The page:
BYU football: How does BYU bridge the recruiting gap with Utah?

Photo Courtesy of BYU Photo and BYU Athletics

If you’re going to truly believe you’re a top football program that can compete with the big boys, then it’s high-time you start acting the part.

That was the message conveyed by Moose Bingham during a segment of Cougar Sports with Ben Criddle on Tuesday. Bingham is a former kicker for BYU, but more importantly worked as BYU’s on-campus recruiting coordinator for several years before moving on to become President of Prep Warroom, a recruiting resource several coaches depend on heavily in procuring top athletes.

While Bingham speaks positively regarding BYU’s upcoming 2024 signing class, along with other aspects, he touched on the Cougars losing yet another in-state recruiting battle to the University of Utah — specifically American Fork defensive back Davis Andrews. Andrews recently committed to sign with the Utes over offers from BYU, UCLA and Notre Dame earlier in the week.

Since Andrews’ commitment, several fans have expressed renewed frustration on how Utah continues to clean up with signing the top local talent while the Cougars continue to lag behind. Take last year as a stark example when Utah signed four of the top six in-state prospects, according to the 24/7 Sports Network, while BYU signed both the No. 5 prospect (Poka Haunga) and the No. 9 (Siale Esera.)

Many have weighed in on the primary reasons why BYU continues to lag behind Utah in recruiting battles — providing explanations ranging from academics to the overall football product to even the age-old Honor Code excuse. As for the real reasons, there’s few who can speak more authoritatively regarding the topic than Bingham, who not only has background being on the ground floor of BYU’s recruiting efforts, but continues to keep heavy tabs on every local in-state prospect.

“BYU hasn’t invested in its recruiting staff,” Bingham said when asked to explain the primary reasons why BYU continues to lag behind the Utes on the recruiting front. “It’s embarrassing and it’s awful to watch. I’m embarrassed that we haven’t put money where our mouth is…If recruiting really is our number one thing, then get recruiters in there. Justin Anderson can only do so much.”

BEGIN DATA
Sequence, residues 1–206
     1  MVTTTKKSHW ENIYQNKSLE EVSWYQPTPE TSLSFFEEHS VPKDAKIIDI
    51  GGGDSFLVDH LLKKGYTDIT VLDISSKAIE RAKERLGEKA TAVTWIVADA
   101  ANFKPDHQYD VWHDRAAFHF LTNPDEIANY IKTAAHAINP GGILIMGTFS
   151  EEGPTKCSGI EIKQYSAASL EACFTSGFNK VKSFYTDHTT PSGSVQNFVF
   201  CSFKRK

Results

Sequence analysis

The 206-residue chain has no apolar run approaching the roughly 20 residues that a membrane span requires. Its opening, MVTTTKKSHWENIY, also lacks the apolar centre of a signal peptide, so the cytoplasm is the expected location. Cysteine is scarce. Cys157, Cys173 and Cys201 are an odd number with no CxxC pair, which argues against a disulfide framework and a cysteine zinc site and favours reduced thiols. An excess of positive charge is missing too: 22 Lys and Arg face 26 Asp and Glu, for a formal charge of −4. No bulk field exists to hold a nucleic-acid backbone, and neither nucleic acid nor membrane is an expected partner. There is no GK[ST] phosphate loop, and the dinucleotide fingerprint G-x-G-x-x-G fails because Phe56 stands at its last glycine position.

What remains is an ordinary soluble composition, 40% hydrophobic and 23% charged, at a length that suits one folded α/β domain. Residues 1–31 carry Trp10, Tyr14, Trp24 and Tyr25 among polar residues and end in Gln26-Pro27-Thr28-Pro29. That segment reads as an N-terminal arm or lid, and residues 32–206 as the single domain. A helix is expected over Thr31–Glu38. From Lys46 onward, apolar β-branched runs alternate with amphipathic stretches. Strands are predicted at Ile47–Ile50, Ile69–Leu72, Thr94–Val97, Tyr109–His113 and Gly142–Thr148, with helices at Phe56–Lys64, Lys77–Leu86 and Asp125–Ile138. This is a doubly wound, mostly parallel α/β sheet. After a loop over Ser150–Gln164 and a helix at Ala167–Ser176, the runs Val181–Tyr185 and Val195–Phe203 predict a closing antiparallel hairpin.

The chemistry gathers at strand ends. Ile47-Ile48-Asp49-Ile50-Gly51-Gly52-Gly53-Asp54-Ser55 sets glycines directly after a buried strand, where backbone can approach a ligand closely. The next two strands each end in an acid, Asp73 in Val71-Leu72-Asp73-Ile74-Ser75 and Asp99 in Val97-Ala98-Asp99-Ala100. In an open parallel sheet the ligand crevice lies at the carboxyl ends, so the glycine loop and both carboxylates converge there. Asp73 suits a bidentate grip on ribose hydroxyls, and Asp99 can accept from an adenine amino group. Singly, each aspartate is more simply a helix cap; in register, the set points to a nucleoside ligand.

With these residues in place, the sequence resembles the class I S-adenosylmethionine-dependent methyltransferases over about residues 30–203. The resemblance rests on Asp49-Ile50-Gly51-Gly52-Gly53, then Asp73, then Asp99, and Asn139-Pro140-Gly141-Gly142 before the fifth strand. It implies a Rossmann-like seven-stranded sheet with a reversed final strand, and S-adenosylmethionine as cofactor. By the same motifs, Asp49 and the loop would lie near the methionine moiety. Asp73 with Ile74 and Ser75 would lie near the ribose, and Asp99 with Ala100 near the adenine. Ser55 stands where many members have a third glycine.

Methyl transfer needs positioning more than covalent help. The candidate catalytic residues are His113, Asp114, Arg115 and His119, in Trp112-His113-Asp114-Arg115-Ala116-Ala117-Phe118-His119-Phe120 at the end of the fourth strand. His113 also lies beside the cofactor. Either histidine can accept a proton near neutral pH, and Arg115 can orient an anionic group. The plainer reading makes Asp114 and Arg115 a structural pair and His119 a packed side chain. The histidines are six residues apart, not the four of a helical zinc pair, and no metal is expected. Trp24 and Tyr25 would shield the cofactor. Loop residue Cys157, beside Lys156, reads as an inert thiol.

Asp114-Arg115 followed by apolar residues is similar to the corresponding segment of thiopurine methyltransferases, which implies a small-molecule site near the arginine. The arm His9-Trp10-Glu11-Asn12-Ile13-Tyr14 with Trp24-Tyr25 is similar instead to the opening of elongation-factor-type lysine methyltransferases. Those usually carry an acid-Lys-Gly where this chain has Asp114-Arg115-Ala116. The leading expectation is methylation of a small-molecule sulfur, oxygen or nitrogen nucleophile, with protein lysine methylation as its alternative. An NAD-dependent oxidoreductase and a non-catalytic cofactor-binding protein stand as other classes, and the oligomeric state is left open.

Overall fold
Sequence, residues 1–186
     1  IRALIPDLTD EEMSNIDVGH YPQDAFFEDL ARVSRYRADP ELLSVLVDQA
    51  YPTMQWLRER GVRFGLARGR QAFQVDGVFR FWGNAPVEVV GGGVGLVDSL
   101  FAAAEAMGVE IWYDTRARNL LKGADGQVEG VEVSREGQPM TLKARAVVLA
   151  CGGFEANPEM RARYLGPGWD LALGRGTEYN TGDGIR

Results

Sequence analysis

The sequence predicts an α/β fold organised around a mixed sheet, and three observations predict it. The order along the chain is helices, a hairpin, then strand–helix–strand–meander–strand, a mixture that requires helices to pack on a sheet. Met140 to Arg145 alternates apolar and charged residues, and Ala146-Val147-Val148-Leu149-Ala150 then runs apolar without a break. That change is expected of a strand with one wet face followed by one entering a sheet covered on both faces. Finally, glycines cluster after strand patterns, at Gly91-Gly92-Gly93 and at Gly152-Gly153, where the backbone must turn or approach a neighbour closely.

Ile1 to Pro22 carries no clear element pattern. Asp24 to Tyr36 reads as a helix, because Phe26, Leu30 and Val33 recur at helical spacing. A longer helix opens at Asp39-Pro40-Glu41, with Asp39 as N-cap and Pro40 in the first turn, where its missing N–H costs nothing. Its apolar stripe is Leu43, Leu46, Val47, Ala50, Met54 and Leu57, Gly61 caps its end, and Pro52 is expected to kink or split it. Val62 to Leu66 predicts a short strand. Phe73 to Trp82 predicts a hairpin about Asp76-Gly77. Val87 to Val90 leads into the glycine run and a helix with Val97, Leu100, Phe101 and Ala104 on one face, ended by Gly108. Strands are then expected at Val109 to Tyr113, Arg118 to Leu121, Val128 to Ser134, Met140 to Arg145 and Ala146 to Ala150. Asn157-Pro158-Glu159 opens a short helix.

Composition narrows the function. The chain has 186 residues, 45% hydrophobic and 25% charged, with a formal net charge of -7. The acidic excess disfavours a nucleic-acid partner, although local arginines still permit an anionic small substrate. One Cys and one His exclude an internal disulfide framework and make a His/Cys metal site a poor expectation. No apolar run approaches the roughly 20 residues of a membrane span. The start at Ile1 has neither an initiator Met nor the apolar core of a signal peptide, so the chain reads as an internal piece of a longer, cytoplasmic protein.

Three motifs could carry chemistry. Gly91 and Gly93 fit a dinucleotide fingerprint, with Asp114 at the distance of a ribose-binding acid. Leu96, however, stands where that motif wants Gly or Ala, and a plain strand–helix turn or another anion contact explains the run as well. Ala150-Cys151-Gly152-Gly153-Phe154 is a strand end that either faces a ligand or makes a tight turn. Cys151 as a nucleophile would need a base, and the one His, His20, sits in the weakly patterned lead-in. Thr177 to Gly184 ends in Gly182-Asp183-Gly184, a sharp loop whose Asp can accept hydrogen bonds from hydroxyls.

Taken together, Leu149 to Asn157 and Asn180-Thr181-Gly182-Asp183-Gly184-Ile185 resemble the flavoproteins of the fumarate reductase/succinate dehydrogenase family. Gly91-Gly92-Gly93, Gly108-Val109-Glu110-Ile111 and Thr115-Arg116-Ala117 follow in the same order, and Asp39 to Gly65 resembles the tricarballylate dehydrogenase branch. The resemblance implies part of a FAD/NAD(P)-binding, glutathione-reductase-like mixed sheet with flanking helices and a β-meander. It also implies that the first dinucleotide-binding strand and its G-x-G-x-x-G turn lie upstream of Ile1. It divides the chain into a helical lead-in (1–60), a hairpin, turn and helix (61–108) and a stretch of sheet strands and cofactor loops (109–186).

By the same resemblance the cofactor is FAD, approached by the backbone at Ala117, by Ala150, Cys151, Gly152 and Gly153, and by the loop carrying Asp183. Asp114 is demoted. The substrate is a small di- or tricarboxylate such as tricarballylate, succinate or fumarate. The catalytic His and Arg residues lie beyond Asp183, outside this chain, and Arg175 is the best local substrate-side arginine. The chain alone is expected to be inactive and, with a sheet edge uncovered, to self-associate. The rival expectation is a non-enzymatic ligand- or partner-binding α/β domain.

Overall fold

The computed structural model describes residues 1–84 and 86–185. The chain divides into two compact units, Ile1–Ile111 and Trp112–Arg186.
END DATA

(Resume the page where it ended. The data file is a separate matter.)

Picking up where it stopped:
Justin Anderson is BYU’s current recruiting coordinator and is someone Bingham speaks highly of, along with the rest of his staff that consists of former BYU players Brandon Bradley and Vince Feula. The big problem, again according to Bingham, isn’t the efforts of these three individuals, it’s the fact that the recruit coordinating responsibilities are falling on just three individuals.

“It cannot be done with three people,” Bingham said. “These aren’t the days of LaVell Edwards anymore. You have to have a real recruiting staff, you have to put money into it, and if you don’t you will be in (the same) situation year in and year out where you’re going to lose local kids.”

As for Davis specifically, Utah has been on the forefront in securing his services for some time, and while BYU made some late strides, the streamlined effort by the Utes on top continued stellar play on the field of play made them too tough to overcome.

So where does BYU specifically rank in money spent on recruiting efforts? Pretty darn low, as it were.

Of course it’s not all about money spent while recognizing that every individual recruit varies on what primary factors lead them to their final recruiting decisions and BYU has certainly overcome its largely self-imposed obstacles with several recruits in recent memory. Bingham is the first to point out and to even celebrate the strides BYU’s staff has made on the local recruiting front while believing the program holds a great sales pitch, considering its academics, coaching staff along with a rising competitive product that is increasingly landing more players on NFL rosters.

But there needs to be more salesmen, according to Bingham — specifically more staff to make sure all gaps are properly filled in recruiting efforts.

So how big should BYU’s full-time recruiting staff be?

According to Bingham, the Cougar’s staff should be at a minimum of five full-time staff members, but probably as many as ten to truly compete with the likes of Utah and other top programs.

“We’re not even operating at a G-5 level. We’re operating at the FCS level of some of the schools in this state, honestly,” Bingham said. 

As Criddle pointed out in the interview, the problem may be that BYU simply hasn’t received the revenue necessary to increase its recruiting staff yet, and when the expected $18 million windfall from Big12 affiliation makes its way to the program a bunch of new hires will be made. BYU typically doesn’t spend money it doesn’t have firmly in place and there is hope that once in place BYU will pose a recruiting staff necessary to legitimately compete for top talent year-in and year-out.

Even assuming BYU gets its act together in posing a competitive recruiting staff, winning recruiting battles versus Utah will remain a problem given the Utes’ head-start and continued efforts on the recruiting front, not to mention a very good football product that has a history of developing NFL talent. But things can change quickly, and should BYU continue to show a competitive product on the field coupled with better and more pointed efforts on the recruiting front, those wins against the Utes could be coming sooner rather than later.


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